prevention science, particularly among vulnerable substance using populations, such as men who have sex with men (MSM),
in low- and middle-income countries (LMIC). Innovative research that integrates social network analysis and genetic
sequence analysis methods to direct the delivery of biomedical HIV prevention strategies to individuals at greatest
risk may help maximize their impact, control costs, and facilitate their implementation in the context of limited
Proyecto Redes (Networks Project) is a 5-year project funded by a Mentored Research
Scientist Development Award (K01) from the National Institute on Drug Abuse (NIDA). It contains both a training and
research component. The aims of the training component are to develop expertise in social network analysis and genetic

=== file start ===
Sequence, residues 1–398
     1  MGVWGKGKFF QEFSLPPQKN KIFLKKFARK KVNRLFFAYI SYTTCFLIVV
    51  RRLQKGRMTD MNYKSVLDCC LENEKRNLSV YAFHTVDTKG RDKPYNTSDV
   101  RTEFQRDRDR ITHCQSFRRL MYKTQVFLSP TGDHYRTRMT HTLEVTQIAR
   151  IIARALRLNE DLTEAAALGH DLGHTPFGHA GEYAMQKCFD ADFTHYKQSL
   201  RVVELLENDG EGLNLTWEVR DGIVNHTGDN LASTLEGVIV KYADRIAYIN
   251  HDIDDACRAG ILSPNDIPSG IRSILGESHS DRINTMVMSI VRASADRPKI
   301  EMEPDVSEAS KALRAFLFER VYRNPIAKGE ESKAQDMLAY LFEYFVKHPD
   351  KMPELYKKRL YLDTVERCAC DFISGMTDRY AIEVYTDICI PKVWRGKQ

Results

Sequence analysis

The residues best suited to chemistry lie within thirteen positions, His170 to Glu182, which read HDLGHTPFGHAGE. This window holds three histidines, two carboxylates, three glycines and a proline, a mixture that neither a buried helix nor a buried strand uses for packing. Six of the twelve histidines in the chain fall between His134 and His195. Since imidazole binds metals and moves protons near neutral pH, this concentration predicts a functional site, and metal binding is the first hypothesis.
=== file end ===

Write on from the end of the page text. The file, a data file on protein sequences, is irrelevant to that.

sequence analysis methods to identify HIV transmission clusters (i.e., individuals with genetically related HIV
infections). The overall goal of the research component is to characterize the sexual networks and sexual network-based
drivers of HIV transmission among MSM in Tijuana, Mexico.
More specifically, the research component
1) Examine the influence of mean degree (i.e., number of male anal intercourse partners), the
degree distribution, and sexual mixing patterns on overall sexual network structure among MSM in Tijuana
Identify individual, sexual network compositional, and socio-contextual factors associated with degree by HIV status
3) Determine whether sexual mixing patterns are associated with HIV transmission cluster
membership among HIV-positive MSM